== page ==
|Publication number||US7096340 B1|
|Application number||US 10/304,389|
|Publication date||Aug 22, 2006|
|Filing date||Nov 25, 2002|
|Priority date||Nov 25, 2002|
|Publication number||10304389, 304389, US 7096340 B1, US 7096340B1, US-B1-7096340, US7096340 B1, US7096340B1|
|Inventors||Warren S. Snyder, Eric D. Blom|
|Original Assignee||Cypress Semiconductor Corporation|
|Export Citation||BiBTeX, EndNote, RefMan|
|Patent Citations (4), Referenced by (3), Classifications (11), Legal Events (6)|
|External Links: USPTO, USPTO Assignment, Espacenet|
The present invention generally relates to the field of memory.
Modern research and technology have provided society with a wide variety of electronic devices. It is appreciated that some of these modern electronic devices are very powerful and useful to their users. For example, some of the electronic devices which fall into this category include: computers which occupy large office space down to computers which are held in one's hand, satellites which orbit around the earth relaying a multitude of communication signals, microwave ovens capable of quickly cooking food, global positioning system (GPS) devices capable of determining the specific locations of their users on the earth, cellular phones which enable their users to wirelessly communicate with other people, to name a few.
Additionally, it should be appreciated that some modern electronic devices also provide entertainment to their users. For instance, some of the electronic devices which fall into this category include: portable and fixed radio receivers which provide their users music along with a wide array of different audio programming, video game consoles which challenge their users with varying situations within different virtual realities, portable and fixed compact disc (CD) players which provide music to their users, portable and fixed televisions which provide a wide variety of visual and audio programming to their users, and video cassette recorders (VCRs) which enable their users to record television shows for later viewing and also enable them to watch (for example) prerecorded movies on a television set.
One of the enabling components of several of the above mentioned modern devices is a microcontroller or MCU. Specifically, the microcontroller is typically defined as a single chip (integrated circuit) that includes a processor, volatile memory such as random access memory (RAM), non-volatile memory such as read only memory (ROM), clocking source, and an input/output control unit. As such, the microcontroller is a computer on a chip. It should be appreciated that microcontrollers have been utilized in various applications for many years. Primarily, microcontrollers are used in control-oriented applications that are interrupt-driven, sensing and controlling external events. Microcontrollers are frequently found in a wide variety of devices and applications.
For example, microcontrollers may be found in appliances such as microwave ovens, refrigerators, televisions, VCRs, and stereos. Furthermore, microcontrollers may also be found within computer equipment such as laser printers, modems, and disk drives. Additionally, microcontrollers may be found within automobiles (e.g., engine control, diagnostics, climate control), environmental control devices (e.g., greenhouse, factory, home), aerospace, and thousands of other uses.
It should be understood that while a microcontroller may have sufficient memory to store data utilized by its processor, it may not be able to address all of the memory locations at once. For example, a microcontroller that has 8-bits of addressing can usually only address up to 256 memory locations. However, various techniques have been implemented in order to get around this limitation.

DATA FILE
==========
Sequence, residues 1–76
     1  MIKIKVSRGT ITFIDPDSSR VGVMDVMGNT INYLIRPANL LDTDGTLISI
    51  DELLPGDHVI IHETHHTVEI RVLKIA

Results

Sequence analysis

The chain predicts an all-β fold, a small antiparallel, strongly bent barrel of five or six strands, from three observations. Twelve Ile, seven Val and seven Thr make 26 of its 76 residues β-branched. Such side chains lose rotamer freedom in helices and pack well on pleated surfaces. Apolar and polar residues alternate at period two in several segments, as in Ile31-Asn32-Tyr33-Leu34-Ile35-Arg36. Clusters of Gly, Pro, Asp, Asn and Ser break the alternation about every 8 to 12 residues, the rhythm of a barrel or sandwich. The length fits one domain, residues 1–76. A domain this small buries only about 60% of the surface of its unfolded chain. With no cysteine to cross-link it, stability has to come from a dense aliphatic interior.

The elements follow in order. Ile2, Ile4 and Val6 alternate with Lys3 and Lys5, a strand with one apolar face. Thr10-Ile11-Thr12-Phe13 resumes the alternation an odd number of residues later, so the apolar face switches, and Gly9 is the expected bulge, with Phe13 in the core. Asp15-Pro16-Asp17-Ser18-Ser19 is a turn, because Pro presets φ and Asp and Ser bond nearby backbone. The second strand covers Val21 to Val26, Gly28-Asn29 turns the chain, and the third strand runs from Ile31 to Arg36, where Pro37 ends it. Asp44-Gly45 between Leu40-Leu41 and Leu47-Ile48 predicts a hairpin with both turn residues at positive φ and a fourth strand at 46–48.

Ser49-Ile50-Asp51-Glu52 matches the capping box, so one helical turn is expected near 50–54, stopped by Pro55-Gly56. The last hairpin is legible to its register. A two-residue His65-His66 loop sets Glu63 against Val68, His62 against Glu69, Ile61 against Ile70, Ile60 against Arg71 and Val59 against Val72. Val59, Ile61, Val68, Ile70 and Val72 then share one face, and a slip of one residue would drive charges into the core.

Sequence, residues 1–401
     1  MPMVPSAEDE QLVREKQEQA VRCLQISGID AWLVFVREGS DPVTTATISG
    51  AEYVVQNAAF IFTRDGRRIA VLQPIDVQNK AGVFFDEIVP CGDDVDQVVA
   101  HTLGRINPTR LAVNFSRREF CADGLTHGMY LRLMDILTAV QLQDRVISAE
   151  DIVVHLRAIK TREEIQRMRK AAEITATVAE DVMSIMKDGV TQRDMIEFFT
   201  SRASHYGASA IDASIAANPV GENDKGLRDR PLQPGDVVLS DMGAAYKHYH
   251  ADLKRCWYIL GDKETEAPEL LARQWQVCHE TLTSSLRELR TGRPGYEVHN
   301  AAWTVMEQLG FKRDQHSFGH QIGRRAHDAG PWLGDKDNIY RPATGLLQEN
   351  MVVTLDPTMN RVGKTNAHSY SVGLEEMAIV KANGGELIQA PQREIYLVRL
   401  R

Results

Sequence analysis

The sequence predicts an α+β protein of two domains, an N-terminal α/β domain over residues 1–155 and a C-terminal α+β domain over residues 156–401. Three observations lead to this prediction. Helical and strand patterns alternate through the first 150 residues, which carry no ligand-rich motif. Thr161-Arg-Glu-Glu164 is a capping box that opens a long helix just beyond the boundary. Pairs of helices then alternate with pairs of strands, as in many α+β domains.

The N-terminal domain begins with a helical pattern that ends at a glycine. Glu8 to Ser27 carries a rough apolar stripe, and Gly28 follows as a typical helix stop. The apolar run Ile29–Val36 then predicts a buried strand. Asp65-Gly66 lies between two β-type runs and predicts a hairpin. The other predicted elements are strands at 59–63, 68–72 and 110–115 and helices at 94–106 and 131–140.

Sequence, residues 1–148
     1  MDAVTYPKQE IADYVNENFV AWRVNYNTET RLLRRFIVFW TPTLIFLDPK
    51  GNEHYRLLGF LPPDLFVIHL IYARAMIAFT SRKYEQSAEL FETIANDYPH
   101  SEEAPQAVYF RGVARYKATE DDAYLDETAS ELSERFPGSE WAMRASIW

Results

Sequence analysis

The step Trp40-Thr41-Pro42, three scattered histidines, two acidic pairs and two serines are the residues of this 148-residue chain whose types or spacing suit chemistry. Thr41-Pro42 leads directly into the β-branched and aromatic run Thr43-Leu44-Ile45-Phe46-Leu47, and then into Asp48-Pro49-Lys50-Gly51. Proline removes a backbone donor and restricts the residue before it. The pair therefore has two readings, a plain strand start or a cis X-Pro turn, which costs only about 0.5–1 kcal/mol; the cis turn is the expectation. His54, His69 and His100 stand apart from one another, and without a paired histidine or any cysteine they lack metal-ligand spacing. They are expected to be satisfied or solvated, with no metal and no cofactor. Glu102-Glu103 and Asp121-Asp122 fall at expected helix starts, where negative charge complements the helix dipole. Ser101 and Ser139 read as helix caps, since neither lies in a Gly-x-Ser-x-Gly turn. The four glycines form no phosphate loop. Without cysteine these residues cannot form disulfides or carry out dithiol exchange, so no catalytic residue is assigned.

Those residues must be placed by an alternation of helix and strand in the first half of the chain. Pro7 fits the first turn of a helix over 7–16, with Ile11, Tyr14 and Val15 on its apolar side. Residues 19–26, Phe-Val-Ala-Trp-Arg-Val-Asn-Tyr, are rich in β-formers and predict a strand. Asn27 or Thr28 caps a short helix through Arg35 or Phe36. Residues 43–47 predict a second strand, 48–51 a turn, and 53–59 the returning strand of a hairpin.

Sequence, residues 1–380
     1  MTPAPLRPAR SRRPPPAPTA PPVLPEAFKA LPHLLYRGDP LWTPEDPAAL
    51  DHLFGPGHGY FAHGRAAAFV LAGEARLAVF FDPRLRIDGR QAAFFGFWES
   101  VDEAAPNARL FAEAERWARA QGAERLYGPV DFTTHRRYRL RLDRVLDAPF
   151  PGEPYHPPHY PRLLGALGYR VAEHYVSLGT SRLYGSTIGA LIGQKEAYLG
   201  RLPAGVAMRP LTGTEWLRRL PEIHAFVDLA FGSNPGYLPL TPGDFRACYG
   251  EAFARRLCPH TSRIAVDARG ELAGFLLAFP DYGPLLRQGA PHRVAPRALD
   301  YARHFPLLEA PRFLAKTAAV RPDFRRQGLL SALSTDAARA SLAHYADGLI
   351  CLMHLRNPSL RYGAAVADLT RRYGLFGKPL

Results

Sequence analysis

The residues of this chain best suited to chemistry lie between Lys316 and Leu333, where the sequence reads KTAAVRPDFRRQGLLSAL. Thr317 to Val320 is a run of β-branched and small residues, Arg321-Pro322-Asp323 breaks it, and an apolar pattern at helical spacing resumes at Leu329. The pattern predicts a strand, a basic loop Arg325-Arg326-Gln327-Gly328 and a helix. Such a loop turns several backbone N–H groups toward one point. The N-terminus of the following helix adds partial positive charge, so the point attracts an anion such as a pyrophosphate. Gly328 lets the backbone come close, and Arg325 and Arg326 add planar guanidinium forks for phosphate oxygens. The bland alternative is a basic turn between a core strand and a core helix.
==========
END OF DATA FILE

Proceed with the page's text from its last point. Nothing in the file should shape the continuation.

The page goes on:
In one conventional technique, memory pages are directly swapped. For example, a register forms the high order of the address. As such, the active page is selected by writing to this register. Unfortunately, usually only one memory page is active at a time. Since the processor and the instruction stream have to issue an instruction to select the memory pages, all subsequent instructions operate within the current memory page. Thus, it is very difficult to pass information between memory pages.
Another conventional technique reserves a portion of each page (e.g., memory bank) as a shared area. For example, all memory banks may have an 8 byte hole which is reserved for shared data. Whenever a given memory bank is selected (energized), an 8 byte hole is selected (energized) in all of the memory banks. While this technique allows data to be copied back and forth between memory pages, it limits the available memory in each page.
Accordingly, a need exists for a way to enable a microcontroller to pass information between its memory pages while not reducing the available memory within each memory page. The present invention satisfies the above mentioned need.
For example, one embodiment of the present invention provides a method of memory management. Within the present embodiment, a page register along with supporting logic allows a mode to be selected by a processor at the same time it specifies a particular memory page. The selected mode defines what the subsequent use of the specified memory page will be. For example, this method may decrease overhead when moving between different memory pages by providing a mode that automatically returns to a previous page after a specified page has been accessed.
In another embodiment, the present invention includes a method of memory management. The method includes mapping a page in memory to an address space based on values in a register. Additionally, the method includes associating a mode specified by values in the register with the page. The method also includes applying the mode to an operation involving the page.
In yet another embodiment, the present invention includes a circuit for providing memory management. The circuit includes a register for storing a first value associated with a page in memory and for storing a second value corresponding to a mode associated with the page. Furthermore, the circuit includes a logic circuit coupled to the register and the page. The logic circuit is for applying the mode to an operation involving the page.